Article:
KUCHING, Nov 21 — Sarawak is now the first state in Malaysia to have ombudsman law, with appointment of an Ombudsman, after the Sarawak Ombudsman Bill 2023 was passed at the State Legislative Assembly (DUN) yesterday.
The passing of the landmark Bill, tabled by Deputy Premier Datuk Amar Awang Tengah Ali Hasan and seconded by Deputy Premier Datuk Amar Dr Sim Kui Hian, received unanimously support from all the members of the Assembly present.
Prior to that, Awang Tengah, in his third reading of the Bill, refuted claims made by Chong Chieng Jen (DAP-Padungan) about the Bill being ‘alang-alang’ (half baked), saying that Chong did not really understand the whole intent and purpose of this Bill.
Awang Tengah also said Baru Bian (PSB-Ba Kelalan), in his debate speech, had commended the drafting of the Bill as ‘well-crafted’.
“The reports of the activities of Ombudsman and on the investigation will be fully published and laid in the DUN including any finding, recommendation and opinion of the Ombudsman.
“Also a special select committee may be appointed upon a motion made under Standing Order to consider any matter arising from the report. Unlike Public Account Committee (PAC), the report made by the Ombudsman has legal force,” said Awang Tengah.
Earlier during the Second Reading of the Bill, Awang Tengah said Sarawak was now exercising its constitutional authority to establish Sarawak Ombudsman with the primary objective of elevating the standards of accountability in public administration and to provide measures against maladministration by the public service agencies.
He added that pursuant to item 7 of List II (State List) of the Ninth Schedule of the Federal Constitution, the state is empowered to legislate on matters relating to the machinery of the state government, which is exclusively for state services.
“This law will, therefore, enhance transparency and accountability in government agencies by allowing the public to report maladministration to the Ombudsman.
“The Ombudsman will ensure checks-and-balances elements are in place and will enable the government to improve its public delivery systems and procedures.
“This will lead to a better administration and to increase public trust and respect in the government,” he said.
As such, Awang Tengah pointed out that the establishment of Sarawak’s very own law on ombudsman would provide independent monitoring over the performance of the state public service agencies.
“The Sarawak Ombudsman will ensure fairness, transparency and accountability in their service delivery, which is essential for Sarawak to progress towards becoming a developed state by 2030,” he said.
On Sarawak Ombudsman, Awang Tengah said it would be led by a Chief Ombudsman and a Deputy Chief Ombudsman, along with three to five other ombudsmen who possessed the relevant expertise and experience to ensure its effectiveness.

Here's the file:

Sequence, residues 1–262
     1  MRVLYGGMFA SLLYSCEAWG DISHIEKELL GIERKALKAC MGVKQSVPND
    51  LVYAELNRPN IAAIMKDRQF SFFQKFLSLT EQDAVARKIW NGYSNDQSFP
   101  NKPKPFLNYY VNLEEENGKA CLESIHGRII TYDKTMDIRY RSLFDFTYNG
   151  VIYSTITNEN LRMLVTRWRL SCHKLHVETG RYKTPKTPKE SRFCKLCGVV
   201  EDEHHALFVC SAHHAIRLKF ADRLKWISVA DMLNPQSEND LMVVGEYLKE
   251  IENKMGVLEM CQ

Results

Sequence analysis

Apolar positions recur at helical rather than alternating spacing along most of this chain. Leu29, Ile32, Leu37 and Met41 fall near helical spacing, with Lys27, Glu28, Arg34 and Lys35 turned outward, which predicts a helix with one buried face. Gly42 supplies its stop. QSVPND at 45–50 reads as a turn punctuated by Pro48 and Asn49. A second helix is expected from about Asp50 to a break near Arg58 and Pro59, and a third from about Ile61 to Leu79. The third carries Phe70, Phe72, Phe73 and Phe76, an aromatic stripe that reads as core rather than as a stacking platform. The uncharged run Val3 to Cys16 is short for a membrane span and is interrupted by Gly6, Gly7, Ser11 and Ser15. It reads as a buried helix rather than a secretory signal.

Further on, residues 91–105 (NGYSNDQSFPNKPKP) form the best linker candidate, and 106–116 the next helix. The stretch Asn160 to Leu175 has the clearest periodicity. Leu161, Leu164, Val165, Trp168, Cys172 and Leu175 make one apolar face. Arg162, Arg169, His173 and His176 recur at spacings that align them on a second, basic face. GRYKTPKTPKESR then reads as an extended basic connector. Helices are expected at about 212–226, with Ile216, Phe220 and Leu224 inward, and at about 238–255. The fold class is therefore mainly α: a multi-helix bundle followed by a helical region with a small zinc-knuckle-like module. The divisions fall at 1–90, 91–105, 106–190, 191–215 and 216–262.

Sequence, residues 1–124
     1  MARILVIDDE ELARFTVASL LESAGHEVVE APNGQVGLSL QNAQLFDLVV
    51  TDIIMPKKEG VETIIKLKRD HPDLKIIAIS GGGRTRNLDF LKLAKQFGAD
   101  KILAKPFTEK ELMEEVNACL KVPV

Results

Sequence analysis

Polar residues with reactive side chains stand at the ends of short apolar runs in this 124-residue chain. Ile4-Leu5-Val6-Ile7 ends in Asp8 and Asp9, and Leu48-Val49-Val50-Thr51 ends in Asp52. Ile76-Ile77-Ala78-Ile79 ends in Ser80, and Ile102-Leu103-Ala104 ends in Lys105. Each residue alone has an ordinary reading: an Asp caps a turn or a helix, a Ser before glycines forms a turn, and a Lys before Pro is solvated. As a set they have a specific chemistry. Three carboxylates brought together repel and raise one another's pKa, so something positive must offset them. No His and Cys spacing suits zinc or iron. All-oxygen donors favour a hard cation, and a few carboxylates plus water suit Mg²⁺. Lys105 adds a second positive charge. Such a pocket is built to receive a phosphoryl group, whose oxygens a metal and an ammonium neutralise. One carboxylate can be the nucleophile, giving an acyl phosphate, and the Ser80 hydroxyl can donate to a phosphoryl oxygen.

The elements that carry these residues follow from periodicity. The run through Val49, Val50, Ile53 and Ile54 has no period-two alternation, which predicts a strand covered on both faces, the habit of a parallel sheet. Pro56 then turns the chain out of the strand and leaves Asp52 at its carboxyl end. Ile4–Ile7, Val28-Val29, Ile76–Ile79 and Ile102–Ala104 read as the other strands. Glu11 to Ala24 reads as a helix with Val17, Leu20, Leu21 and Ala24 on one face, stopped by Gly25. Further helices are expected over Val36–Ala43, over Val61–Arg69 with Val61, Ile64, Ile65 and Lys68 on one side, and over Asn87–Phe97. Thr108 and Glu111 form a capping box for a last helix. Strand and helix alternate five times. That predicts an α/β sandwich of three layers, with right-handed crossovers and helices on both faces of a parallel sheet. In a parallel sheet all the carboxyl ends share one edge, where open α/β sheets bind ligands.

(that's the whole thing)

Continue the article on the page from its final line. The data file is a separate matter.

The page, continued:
The appointment of these ombudsmen would be made by the Yang di-Pertua Negeri Sarawak, and they would each take oath of office for a maximum term of three years, with the possibility of reappointment.
“This is a clear manifestation of our commitment to maintain integrity and ensure that state public service agencies would always provide high-quality services to the ‘rakyat’ (people),” added Awang Tengah.
He also said the Sarawak Ombudsman’s Office would be managed by the Chief Administrator, appointed by the minister from among the members of the state public service, and he would be assisted by such number of officers.
“The Ombudsman staff and others acting on their behalf are immune from civil and criminal proceedings in the discharge of their official duties,” he added.
Awang Tengah also hailed the Ombudsman Bill as ‘epitomising Sarawak’s strategic direction as outlined in the Post-Covid Development Strategy (PCDS) 2030, focusing on becoming a high-income economy by 2030.
“The Ombudsman is a recognised concept adopted by most democratic countries across the globe, with 115 out of 195 countries having their own ombudsman institutions.”
Awang Tengah said in an effort to produce a practical and implementable law for the state of Sarawak and to learn about the best practices, the Sarawak government led by the Premier Datuk Patinggi Tan Sri Abang Johari Tun Openg, on Aug 21 this year, went to Sweden to meet with the Swedish Chief Parliamentary Ombudsman, Erik Nymansson.
“Sweden serves as an exemplary model for countries around the world due to its pioneering role in establishing the Ombudsman system 214 years ago.
“It is evident that Sweden’s experience with the Ombudsman system can provide valuable insights for other countries to emulate when establishing similar Ombudsman systems,” he said.
Apart from Chong and Baru, the other 20 assemblypersons debating the Bill were Razaili Gapor (GPS — Beting Maro), Joseph Chieng (GPS-Bukit Assek), Royston Valentine (GPS-Tellian), Lidam Assan (GPS-Katibas), Nicholas Kudi Jantai (GPS-Baleh), Johnny Pang (GPS-Tanjong Batu), Mohd Chee Kadir (GPS-Kabong), Billy Sujang (GPS-Opar), Dayang Noorazah Awang Sohor (GPS-Lingga), Safiee Ahmad (GPS-Daro), Christopher Gira (GPS-Tamin), Kennedy Chukpai (GPS-Murum), Datuk Ding Kuong Hiing (GPS-Meradong), Datuk Seri Huang Tiong Sii (GPS-Repok), Wilfred Yap (GPS-Kota Sentosa), Datuk Lo Khere Chiang (GPS-Batu Kitang), Fazzrudin Abdul Rahman (GPS-Tupong), Datuk Mong Dagang (GPS-Bukit Begunan), Datuk Ibrahim Baki (GPS-Satok) and Dr Johnical Rayong (PSB-Engkilili). — Borneo Post Online